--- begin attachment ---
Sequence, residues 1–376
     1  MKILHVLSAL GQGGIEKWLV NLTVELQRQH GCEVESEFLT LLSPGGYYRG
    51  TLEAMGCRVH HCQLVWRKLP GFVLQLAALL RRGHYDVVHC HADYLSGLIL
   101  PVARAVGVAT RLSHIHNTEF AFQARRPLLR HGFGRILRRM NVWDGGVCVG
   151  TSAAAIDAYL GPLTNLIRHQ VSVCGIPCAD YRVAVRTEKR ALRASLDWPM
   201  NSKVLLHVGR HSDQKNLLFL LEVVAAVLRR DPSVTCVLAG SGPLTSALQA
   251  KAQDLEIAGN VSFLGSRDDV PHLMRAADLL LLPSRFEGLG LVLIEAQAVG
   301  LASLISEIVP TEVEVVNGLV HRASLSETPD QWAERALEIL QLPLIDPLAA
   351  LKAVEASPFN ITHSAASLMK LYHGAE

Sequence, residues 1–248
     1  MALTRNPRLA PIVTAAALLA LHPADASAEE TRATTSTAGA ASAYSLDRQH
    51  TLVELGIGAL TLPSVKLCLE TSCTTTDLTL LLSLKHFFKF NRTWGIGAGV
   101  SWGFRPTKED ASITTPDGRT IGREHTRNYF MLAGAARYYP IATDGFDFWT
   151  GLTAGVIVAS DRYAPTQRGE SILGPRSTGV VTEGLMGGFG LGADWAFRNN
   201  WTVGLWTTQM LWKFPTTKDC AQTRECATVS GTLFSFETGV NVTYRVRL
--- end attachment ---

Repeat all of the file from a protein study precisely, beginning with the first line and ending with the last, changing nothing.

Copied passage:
Sequence, residues 1–376
     1  MKILHVLSAL GQGGIEKWLV NLTVELQRQH GCEVESEFLT LLSPGGYYRG
    51  TLEAMGCRVH HCQLVWRKLP GFVLQLAALL RRGHYDVVHC HADYLSGLIL
   101  PVARAVGVAT RLSHIHNTEF AFQARRPLLR HGFGRILRRM NVWDGGVCVG
   151  TSAAAIDAYL GPLTNLIRHQ VSVCGIPCAD YRVAVRTEKR ALRASLDWPM
   201  NSKVLLHVGR HSDQKNLLFL LEVVAAVLRR DPSVTCVLAG SGPLTSALQA
   251  KAQDLEIAGN VSFLGSRDDV PHLMRAADLL LLPSRFEGLG LVLIEAQAVG
   301  LASLISEIVP TEVEVVNGLV HRASLSETPD QWAERALEIL QLPLIDPLAA
   351  LKAVEASPFN ITHSAASLMK LYHGAE

Sequence, residues 1–248
     1  MALTRNPRLA PIVTAAALLA LHPADASAEE TRATTSTAGA ASAYSLDRQH
    51  TLVELGIGAL TLPSVKLCLE TSCTTTDLTL LLSLKHFFKF NRTWGIGAGV
   101  SWGFRPTKED ASITTPDGRT IGREHTRNYF MLAGAARYYP IATDGFDFWT
   151  GLTAGVIVAS DRYAPTQRGE SILGPRSTGV VTEGLMGGFG LGADWAFRNN
   201  WTVGLWTTQM LWKFPTTKDC AQTRECATVS GTLFSFETGV NVTYRVRL